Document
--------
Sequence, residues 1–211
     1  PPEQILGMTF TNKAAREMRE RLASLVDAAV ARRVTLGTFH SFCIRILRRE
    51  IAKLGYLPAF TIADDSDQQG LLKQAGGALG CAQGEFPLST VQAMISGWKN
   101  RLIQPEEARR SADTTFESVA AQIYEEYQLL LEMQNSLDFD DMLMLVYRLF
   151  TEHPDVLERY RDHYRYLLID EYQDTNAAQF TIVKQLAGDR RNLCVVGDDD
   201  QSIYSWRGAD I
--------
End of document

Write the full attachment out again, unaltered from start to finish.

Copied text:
Sequence, residues 1–211
     1  PPEQILGMTF TNKAAREMRE RLASLVDAAV ARRVTLGTFH SFCIRILRRE
    51  IAKLGYLPAF TIADDSDQQG LLKQAGGALG CAQGEFPLST VQAMISGWKN
   101  RLIQPEEARR SADTTFESVA AQIYEEYQLL LEMQNSLDFD DMLMLVYRLF
   151  TEHPDVLERY RDHYRYLLID EYQDTNAAQF TIVKQLAGDR RNLCVVGDDD
   201  QSIYSWRGAD I